By now, you’re likely to be aware that the adult minimum wage in New Zealand has risen to $18.90 per hour. But this took effect from 1 April 2020, and with New Zealand entering Alert Level 4 almost a week prior on 25 March 2020, there was already a lot going on for business owners to think about and factor in!
If you made the necessary changes to your payroll, great! If not, or if you’re thinking about taking on new employees in the near future, this is to catch you up on the latest changes.
The increase to the minimum wage is a continuation of the Government’s plan to achieve a $20.00 per hour adult minimum wage by 2021, and has put an extra $48 in the pocket of minimum wage workers that work a 40 hour week.
The rates are now the following:
Adult minimum wage – $18.90 per hour
This applies to all employees aged 16 and over who aren’t starting-out workers or trainees, and all employees who are involved in supervising or training other employees.
Starting-out wage – $15.12 per hour
This applies solely to workers aged between 16 and 19 and who are entering the workforce for the first time.
Training minimum wage – $15.12 per hour
This applies to employees aged 20 years or over who are completing recognised industry training involving at least 60 credits in order to become qualified.
So what’s the Living Wage we hear about?
The Living Wage emerged as a response to growing poverty and inequality that can hold many employees and their families back. In essence, the Living Wage is the hourly wage a worker needs in order to pay for the necessities of life, and to participate as an active citizen in the community. It reflects the basic expenses of workers and their families such as food, transportation, housing, and childcare, and it's calculated independently each year by the New Zealand Family Centre Social Policy Unit.
The Living Wage Movement is not aligned to any political party but seeks to influence those who have the power to change the lives of workers and their families. This is why a number of large publicly-funded employers in New Zealand are encouraged, or choose, to pay a Living Wage. Many small and ethical/socially-responsible employers also choose to pay a Living Wage and have become accredited.
On 1 September 2020, the Living Wage rate will rise from $21.15 to $22.10 per hour.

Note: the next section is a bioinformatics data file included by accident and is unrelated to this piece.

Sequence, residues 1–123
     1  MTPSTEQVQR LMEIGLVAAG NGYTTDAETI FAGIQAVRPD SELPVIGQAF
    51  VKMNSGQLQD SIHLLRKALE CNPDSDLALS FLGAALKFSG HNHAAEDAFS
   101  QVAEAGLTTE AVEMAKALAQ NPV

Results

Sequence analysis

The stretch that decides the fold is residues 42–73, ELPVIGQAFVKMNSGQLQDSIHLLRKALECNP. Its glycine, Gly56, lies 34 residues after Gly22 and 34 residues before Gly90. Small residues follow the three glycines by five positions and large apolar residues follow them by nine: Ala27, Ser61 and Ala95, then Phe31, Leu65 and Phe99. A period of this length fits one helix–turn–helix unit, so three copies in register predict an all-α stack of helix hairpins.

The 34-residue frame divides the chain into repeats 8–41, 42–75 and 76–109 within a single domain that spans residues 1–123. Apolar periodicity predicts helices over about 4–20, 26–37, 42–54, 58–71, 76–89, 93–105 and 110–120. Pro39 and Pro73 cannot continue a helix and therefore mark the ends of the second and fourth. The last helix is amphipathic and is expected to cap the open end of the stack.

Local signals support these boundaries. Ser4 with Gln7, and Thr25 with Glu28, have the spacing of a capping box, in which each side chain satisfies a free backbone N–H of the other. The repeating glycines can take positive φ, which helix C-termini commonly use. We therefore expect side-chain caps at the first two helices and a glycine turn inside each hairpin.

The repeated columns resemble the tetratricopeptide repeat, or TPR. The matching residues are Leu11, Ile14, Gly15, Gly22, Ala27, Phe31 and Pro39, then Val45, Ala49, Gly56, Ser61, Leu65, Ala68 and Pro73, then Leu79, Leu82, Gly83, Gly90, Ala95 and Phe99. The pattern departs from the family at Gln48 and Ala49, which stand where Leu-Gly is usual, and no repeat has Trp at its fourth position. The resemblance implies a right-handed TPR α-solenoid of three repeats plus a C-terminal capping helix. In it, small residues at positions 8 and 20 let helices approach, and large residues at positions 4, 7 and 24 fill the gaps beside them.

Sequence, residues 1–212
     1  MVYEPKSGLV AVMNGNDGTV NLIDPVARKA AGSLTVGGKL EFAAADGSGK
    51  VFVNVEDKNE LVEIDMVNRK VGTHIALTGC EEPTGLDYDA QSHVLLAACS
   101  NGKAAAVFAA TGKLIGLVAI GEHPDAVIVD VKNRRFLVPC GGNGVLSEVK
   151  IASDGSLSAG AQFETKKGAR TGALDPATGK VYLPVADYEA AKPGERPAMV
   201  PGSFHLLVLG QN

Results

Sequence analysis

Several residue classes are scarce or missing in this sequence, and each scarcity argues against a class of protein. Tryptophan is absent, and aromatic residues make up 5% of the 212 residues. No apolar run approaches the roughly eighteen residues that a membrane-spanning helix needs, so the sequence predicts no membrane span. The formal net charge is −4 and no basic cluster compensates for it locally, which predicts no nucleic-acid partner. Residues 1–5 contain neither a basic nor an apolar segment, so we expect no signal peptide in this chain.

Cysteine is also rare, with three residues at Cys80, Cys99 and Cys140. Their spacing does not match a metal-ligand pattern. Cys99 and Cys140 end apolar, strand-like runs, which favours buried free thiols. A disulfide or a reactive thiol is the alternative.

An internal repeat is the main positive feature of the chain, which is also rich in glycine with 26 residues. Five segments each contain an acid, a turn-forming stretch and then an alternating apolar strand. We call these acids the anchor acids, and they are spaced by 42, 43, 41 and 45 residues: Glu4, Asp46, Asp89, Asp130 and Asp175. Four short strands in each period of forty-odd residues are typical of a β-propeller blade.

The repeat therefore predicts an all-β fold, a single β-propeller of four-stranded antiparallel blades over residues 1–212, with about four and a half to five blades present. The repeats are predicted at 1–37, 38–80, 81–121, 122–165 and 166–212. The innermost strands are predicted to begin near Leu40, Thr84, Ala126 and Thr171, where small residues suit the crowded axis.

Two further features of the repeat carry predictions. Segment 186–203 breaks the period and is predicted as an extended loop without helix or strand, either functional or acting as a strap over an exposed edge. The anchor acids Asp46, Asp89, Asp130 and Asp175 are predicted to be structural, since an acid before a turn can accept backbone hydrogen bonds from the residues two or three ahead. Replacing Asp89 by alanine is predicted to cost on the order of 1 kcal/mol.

What do you need to think about if you’ve got staff that are on minimum wage?
If you have staff that are on minimum wage, you’ll need to ensure you have increased their pay from 1 April 2020. If you haven’t done this, you will need to backdate the increase to 1 April 2020 – but remember to factor in any variations you might have also made to your employees’ remuneration over the various COVID-19 alert levels. Don’t panic if you have overlooked the increase; work through each employee systematically to calculate the arrears, communicate with your staff, and then make any necessary corrections in your payroll system. If you are needing to change your staffing as a result, think about how you might handle those conversations with employees and if you need any help to do so.
I spoke to Jon Colgan, RightWay Business Partner, who had this advice, "businesses who have employees on minimum wage should also be thinking about how the changes are affecting their cash flow. You might decide that you’re going to need to reflect the increase in your pricing or just absorb the cost. This can also be a good time for businesses to think about their systems and processes. Automating some of your processes or finding a more efficient way to do things might mean that you can continue to keep costs down”.
Don't hesitate to reach out if you have any questions or concerns about wages in your business, or anything business related! Call 0800 555 024, email email@example.com or see more on our information page.